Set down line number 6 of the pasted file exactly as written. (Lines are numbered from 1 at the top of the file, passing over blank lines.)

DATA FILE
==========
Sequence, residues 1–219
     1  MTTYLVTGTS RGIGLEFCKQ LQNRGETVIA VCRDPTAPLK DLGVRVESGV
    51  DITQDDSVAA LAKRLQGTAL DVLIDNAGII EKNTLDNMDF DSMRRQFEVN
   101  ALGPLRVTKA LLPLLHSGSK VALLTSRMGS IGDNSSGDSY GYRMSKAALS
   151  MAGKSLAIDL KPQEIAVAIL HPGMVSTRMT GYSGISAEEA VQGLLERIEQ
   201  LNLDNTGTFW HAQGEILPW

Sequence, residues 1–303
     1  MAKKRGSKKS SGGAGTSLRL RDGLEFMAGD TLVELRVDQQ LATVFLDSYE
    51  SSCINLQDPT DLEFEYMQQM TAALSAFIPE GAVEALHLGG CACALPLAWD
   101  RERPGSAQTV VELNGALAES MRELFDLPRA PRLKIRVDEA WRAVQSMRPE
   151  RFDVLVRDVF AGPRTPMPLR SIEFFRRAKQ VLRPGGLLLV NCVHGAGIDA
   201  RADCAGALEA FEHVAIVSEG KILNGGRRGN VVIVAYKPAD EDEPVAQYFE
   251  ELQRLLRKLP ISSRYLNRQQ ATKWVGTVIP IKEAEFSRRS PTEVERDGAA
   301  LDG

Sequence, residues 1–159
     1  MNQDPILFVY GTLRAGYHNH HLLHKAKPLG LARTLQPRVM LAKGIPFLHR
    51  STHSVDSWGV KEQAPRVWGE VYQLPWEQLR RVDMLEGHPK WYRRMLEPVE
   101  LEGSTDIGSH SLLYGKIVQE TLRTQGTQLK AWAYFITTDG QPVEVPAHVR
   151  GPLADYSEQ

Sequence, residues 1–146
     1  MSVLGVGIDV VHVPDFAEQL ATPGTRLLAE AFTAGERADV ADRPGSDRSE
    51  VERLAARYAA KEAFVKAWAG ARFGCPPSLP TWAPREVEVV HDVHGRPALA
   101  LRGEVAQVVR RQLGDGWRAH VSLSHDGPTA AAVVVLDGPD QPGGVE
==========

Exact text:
   201  LNLDNTGTFW HAQGEILPW